An Aaliyah greatest hits compilation hit Apple Music last night. But there’s a catch.

For the better part of fifteen years, the Aaliyah estate has been mired in controversy, shenanigans and privacy. The made-for-TV biopic was resoundingly panned by fans and aside from Drake creepily digging into audio necrophilia, not much “new” has been made in regards to Aaliyah.

Late last night, Craze Productions uploaded a 2005 compilation album title Ultimate Aaliyah. The record was initially issued in the UK, Japan & Australia. The double-disc opted for a greatest hits look at first covering Aaliyah projects from Age Ain’t Nothin’ But A Number all the way to 2002’s I Care 4 U posthumous LP. The second disc, compiled mostly of records from soundtrack material and guest features on other Blackground projects sports appearances from Timbaland, Missy Elliott, Static Major & more.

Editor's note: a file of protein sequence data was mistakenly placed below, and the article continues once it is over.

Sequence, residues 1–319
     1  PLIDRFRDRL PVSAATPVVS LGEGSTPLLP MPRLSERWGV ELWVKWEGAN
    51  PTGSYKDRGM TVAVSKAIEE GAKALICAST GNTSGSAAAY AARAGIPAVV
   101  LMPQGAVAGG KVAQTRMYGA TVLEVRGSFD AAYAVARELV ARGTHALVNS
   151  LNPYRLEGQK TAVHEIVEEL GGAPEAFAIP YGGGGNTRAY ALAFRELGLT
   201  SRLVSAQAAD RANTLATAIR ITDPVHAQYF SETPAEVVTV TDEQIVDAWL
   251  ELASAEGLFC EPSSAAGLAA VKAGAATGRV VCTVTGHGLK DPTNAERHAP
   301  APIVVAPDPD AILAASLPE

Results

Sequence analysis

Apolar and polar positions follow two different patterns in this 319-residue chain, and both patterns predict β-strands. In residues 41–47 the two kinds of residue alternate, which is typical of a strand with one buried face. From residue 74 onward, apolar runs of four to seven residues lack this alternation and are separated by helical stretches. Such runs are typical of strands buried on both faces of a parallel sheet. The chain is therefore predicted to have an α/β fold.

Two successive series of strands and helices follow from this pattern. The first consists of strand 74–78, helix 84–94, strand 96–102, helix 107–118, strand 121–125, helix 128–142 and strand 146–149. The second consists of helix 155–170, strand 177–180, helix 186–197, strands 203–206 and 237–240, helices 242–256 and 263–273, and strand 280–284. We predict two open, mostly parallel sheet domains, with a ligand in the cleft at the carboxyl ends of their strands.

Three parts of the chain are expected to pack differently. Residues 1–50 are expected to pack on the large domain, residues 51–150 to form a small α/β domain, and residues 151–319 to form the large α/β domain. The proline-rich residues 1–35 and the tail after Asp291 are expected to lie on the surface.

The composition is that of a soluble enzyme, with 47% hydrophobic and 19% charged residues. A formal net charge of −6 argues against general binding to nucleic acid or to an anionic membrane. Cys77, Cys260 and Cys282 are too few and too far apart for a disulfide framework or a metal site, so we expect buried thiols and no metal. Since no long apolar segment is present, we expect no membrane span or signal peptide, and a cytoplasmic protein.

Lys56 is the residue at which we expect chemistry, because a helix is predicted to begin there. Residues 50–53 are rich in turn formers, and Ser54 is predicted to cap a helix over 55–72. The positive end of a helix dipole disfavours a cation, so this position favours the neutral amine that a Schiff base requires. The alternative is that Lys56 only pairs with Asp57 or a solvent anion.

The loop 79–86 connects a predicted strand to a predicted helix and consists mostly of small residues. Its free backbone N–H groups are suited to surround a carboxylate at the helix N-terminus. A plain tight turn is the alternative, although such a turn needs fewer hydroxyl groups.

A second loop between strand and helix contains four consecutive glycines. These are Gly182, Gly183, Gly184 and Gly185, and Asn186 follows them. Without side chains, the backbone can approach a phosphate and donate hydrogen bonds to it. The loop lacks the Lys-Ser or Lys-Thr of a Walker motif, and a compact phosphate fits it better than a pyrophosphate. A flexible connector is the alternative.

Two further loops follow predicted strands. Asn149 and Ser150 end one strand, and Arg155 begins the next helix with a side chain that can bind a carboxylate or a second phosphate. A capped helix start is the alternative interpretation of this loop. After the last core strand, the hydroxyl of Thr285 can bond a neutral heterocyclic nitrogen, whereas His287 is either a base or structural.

Only there’s a problem, it’s unauthorized. Blackground owner and Aaliyah’s uncle Barry Hankerson is the sole owner of the late singer’s catalog. Craze Productions, the company who uploaded the material last night, has been brought to court numerous times for copyright infringement. In fact, Craze Digital once posted unauthorized Aaliyah material before, uploading tracks to iTunes in 2013. They were removed soon after.

The only reason why the singer’s 1994 debut is the lone album of hers available on Spotify or Apple Music is because Hankerson does not own the masters to it. Those belong to Jive/Zomba, her original recording home when she was with R. Kelly. Once Hankerson split from Jive in 1996, he assumed control of her masters from thereon. Hence why One In A Million, Aaliyah and other albums are not available for streaming.

So for Aaliyah diehards still hoping for “Come Over” and other classic post-1994 Aaliyah records to hit streaming services officially, the wait may continue. Until then, soak in the nostalgia before litigators come and ruin your fun.